NCEA Level 1 chemistry: Plastic sulphur, weak forces between molecules and strong covalent bonds between atoms that make up molecules.
There are different types of sulphur. Different forms of the same element are called allotropes.
Below 95.6 oC the main allotropic form is rhombic sulphur and above this temperature the stable allotrope is monoclinic sulphur. Sulphur melts above 113 oC. The rhombic, monoclinic and yellow runny molten forms consist of S8 molecules. When sulphur heated up to it s boiling point at 445 oC it goes through a number of remarkable changes. These changes are influenced by the particles that are present and the forces between them. Chemists are molecular architects, they need to know what the building blocks are and how they are held together
Heating sulphur to its boiling point and producing plastic sulphur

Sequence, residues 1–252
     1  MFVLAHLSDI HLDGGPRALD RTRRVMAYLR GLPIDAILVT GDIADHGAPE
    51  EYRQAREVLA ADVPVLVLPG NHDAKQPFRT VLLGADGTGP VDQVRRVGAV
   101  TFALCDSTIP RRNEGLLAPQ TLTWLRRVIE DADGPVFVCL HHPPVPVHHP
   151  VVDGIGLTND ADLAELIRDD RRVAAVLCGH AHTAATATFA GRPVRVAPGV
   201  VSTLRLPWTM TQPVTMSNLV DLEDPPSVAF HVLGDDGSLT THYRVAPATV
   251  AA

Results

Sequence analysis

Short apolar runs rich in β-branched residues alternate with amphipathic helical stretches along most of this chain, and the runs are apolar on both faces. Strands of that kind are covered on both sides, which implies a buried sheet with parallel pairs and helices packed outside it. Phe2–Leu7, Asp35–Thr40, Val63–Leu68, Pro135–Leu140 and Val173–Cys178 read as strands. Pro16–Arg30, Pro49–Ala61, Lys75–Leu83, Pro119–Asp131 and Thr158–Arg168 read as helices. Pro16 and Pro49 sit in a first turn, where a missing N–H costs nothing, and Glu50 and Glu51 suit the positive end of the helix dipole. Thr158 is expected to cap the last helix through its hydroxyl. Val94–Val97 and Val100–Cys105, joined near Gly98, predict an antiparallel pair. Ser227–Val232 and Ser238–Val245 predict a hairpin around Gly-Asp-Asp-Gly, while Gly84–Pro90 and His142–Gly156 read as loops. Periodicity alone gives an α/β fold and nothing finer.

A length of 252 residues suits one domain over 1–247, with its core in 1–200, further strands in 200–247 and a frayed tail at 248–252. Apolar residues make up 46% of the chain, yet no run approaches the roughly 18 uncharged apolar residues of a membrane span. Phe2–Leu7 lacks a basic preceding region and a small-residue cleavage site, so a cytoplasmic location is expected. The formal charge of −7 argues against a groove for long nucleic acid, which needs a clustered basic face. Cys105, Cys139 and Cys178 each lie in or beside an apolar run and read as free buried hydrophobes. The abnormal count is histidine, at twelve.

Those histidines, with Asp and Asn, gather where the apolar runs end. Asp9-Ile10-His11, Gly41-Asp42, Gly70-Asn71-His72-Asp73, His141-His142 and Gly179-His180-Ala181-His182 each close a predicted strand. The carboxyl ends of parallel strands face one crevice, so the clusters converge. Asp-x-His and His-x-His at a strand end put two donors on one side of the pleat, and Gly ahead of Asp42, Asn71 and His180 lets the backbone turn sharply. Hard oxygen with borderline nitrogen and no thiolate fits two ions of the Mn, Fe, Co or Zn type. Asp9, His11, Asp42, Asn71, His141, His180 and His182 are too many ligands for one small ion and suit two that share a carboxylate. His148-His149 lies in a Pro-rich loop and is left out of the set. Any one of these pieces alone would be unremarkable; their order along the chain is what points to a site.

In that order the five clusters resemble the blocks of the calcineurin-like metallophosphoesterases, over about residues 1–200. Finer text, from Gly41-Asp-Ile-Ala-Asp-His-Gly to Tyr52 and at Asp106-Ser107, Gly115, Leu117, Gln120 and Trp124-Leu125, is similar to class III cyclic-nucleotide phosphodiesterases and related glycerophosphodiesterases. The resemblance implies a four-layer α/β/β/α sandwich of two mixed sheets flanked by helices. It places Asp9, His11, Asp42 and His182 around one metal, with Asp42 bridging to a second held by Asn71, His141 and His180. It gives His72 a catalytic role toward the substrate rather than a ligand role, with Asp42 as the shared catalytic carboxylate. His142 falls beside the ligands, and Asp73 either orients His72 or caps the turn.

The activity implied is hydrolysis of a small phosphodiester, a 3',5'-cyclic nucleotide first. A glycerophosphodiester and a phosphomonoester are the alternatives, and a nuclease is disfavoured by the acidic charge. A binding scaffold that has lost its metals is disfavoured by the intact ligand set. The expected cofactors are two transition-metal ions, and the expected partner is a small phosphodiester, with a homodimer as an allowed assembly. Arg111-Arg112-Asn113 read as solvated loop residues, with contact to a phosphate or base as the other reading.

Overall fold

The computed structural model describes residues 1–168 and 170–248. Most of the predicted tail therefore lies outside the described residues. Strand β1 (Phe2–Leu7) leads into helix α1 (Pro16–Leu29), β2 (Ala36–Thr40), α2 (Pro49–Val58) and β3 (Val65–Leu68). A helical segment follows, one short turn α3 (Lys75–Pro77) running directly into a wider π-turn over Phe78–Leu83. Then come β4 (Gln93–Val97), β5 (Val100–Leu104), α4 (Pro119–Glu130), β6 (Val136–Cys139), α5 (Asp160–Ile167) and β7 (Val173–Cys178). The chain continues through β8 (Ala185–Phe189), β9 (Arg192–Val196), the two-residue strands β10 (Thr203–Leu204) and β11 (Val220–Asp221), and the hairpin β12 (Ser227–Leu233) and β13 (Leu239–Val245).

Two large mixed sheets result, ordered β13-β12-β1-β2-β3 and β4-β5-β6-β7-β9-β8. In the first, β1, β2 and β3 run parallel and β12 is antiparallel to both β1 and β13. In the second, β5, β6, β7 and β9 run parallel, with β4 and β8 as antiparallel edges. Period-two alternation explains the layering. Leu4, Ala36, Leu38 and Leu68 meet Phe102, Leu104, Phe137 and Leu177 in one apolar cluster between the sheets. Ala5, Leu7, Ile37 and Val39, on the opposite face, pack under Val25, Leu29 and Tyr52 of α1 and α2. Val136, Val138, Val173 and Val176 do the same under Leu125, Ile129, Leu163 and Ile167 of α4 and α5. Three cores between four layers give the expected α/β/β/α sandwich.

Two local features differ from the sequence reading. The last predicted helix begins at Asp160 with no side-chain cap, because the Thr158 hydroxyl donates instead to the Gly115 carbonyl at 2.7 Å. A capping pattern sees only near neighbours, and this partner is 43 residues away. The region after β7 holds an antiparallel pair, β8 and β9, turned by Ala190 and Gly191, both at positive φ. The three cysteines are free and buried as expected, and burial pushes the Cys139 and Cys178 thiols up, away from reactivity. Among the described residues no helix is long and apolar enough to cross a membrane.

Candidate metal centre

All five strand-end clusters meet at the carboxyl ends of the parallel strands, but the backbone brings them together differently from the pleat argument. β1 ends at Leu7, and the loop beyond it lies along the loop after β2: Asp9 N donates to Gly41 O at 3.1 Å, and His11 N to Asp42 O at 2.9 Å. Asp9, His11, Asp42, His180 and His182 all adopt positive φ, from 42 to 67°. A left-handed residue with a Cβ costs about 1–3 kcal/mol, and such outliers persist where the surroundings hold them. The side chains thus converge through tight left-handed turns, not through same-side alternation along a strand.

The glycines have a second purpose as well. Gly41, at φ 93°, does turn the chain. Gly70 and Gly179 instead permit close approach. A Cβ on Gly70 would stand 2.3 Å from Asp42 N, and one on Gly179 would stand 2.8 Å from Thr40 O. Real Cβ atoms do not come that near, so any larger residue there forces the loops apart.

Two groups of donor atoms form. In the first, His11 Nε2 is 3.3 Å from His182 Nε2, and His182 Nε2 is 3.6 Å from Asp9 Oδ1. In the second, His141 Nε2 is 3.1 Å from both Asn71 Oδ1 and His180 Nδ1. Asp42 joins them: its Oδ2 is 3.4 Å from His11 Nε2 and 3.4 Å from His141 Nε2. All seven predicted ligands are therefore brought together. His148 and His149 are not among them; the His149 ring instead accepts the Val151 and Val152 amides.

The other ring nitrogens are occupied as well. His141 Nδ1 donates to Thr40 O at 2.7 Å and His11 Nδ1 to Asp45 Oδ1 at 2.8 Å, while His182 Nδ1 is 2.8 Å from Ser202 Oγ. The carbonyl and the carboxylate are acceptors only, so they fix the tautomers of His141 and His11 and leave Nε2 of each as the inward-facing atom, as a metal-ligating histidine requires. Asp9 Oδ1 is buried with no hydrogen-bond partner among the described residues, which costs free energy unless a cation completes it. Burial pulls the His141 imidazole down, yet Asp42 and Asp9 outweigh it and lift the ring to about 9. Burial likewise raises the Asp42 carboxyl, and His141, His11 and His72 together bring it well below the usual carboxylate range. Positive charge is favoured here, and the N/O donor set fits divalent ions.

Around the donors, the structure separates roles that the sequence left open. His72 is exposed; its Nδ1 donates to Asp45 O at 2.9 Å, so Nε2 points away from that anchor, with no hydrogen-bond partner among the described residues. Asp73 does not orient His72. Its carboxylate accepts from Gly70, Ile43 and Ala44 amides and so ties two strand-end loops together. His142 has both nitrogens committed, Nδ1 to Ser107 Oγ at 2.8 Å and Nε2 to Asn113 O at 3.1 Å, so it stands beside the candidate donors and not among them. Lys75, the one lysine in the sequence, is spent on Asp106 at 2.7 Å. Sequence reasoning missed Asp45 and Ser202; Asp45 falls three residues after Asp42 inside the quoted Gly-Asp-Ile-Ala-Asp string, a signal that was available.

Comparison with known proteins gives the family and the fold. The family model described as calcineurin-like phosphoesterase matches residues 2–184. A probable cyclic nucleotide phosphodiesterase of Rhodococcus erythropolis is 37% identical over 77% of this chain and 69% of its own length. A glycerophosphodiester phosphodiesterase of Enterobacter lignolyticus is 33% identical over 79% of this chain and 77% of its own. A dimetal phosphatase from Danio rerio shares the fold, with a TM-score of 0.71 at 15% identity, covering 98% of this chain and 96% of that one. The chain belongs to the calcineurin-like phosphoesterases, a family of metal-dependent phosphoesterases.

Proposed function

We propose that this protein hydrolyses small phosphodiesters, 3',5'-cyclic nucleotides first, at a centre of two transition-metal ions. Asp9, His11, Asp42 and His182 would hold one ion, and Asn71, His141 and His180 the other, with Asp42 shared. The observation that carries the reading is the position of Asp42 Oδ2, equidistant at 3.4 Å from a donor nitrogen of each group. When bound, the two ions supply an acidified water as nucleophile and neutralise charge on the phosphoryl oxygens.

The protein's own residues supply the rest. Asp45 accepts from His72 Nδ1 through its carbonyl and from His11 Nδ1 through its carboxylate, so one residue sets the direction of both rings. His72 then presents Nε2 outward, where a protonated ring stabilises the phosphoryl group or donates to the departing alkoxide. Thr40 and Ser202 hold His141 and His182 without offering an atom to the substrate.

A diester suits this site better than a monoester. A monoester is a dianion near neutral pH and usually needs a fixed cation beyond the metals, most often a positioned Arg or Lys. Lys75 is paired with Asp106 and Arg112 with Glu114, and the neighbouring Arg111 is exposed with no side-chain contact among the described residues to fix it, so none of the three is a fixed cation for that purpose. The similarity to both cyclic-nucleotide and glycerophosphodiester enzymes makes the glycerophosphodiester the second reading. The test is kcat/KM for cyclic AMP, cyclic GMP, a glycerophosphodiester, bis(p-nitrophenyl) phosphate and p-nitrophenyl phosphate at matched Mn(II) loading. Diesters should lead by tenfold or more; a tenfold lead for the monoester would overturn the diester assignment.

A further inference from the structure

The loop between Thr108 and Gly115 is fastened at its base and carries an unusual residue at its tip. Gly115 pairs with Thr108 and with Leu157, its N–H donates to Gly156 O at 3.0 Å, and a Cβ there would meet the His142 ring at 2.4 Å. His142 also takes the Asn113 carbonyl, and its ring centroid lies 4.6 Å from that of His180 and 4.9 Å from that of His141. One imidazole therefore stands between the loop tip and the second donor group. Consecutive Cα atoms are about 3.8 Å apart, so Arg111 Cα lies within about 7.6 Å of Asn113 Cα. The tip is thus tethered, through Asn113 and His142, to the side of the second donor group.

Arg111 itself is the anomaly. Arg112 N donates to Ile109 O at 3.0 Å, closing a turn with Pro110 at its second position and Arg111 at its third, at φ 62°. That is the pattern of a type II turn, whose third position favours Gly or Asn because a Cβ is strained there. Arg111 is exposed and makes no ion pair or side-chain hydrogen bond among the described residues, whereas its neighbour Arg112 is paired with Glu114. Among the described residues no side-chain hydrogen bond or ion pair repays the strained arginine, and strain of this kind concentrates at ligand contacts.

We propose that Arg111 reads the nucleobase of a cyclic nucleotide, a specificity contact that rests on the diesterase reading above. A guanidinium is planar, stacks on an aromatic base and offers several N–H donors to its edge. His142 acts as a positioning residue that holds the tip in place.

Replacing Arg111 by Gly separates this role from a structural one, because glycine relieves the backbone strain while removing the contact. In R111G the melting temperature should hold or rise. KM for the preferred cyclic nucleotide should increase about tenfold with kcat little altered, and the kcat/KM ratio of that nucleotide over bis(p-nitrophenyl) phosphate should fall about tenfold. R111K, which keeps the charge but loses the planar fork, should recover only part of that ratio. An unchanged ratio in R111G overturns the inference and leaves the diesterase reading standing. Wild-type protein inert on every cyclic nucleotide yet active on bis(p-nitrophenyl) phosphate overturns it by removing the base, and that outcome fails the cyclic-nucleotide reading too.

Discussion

The Class make plastic sulphur
You are the teacher. Make your own powerpoint to explain how the experiment you have done helps your class understand that the properties of materials depend on the particles that make them up and the forces between them. Here are some key points.
- Covalent bonds between atoms are strong ( water doesn’t break down into hydrogen and oxygen when you heat it to make a cup of coffee before school)
- The forces beween molecules are comparatively weak ( they are called Van der Waals forces)
- The forces between molecules get larger as the size of the molecule increases.
Finally think about all the changes you observed as sulphur was heated up to its boiling point.
The class took photos of their work. Chose photos from the slideshow to help illustrate your powerpoint. See Shelley about these.